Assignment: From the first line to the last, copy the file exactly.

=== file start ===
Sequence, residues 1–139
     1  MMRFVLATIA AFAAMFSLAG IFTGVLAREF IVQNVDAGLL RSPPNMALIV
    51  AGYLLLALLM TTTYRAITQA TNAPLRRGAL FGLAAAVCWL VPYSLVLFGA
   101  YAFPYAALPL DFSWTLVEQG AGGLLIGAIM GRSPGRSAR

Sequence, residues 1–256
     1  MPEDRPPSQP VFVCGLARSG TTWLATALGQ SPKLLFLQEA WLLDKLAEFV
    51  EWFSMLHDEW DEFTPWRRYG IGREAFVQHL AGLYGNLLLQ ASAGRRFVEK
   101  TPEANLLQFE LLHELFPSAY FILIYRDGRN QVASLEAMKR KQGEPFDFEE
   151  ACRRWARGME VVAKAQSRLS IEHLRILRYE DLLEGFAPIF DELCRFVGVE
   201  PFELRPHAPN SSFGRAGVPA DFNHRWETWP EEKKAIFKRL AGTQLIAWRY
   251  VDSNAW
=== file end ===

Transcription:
Sequence, residues 1–139
     1  MMRFVLATIA AFAAMFSLAG IFTGVLAREF IVQNVDAGLL RSPPNMALIV
    51  AGYLLLALLM TTTYRAITQA TNAPLRRGAL FGLAAAVCWL VPYSLVLFGA
   101  YAFPYAALPL DFSWTLVEQG AGGLLIGAIM GRSPGRSAR

Sequence, residues 1–256
     1  MPEDRPPSQP VFVCGLARSG TTWLATALGQ SPKLLFLQEA WLLDKLAEFV
    51  EWFSMLHDEW DEFTPWRRYG IGREAFVQHL AGLYGNLLLQ ASAGRRFVEK
   101  TPEANLLQFE LLHELFPSAY FILIYRDGRN QVASLEAMKR KQGEPFDFEE
   151  ACRRWARGME VVAKAQSRLS IEHLRILRYE DLLEGFAPIF DELCRFVGVE
   201  PFELRPHAPN SSFGRAGVPA DFNHRWETWP EEKKAIFKRL AGTQLIAWRY
   251  VDSNAW